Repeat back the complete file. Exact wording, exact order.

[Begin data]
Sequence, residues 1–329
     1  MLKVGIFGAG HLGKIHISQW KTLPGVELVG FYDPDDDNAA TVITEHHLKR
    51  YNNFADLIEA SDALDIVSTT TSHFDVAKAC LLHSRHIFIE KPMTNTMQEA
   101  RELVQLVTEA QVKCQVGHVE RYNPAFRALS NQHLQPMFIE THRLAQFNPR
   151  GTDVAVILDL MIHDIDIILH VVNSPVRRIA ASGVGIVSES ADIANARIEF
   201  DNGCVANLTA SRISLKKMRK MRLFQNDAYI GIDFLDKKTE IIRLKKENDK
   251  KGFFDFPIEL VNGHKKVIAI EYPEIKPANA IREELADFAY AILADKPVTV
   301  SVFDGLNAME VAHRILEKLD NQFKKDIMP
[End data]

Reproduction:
Sequence, residues 1–329
     1  MLKVGIFGAG HLGKIHISQW KTLPGVELVG FYDPDDDNAA TVITEHHLKR
    51  YNNFADLIEA SDALDIVSTT TSHFDVAKAC LLHSRHIFIE KPMTNTMQEA
   101  RELVQLVTEA QVKCQVGHVE RYNPAFRALS NQHLQPMFIE THRLAQFNPR
   151  GTDVAVILDL MIHDIDIILH VVNSPVRRIA ASGVGIVSES ADIANARIEF
   201  DNGCVANLTA SRISLKKMRK MRLFQNDAYI GIDFLDKKTE IIRLKKENDK
   251  KGFFDFPIEL VNGHKKVIAI EYPEIKPANA IREELADFAY AILADKPVTV
   301  SVFDGLNAME VAHRILEKLD NQFKKDIMP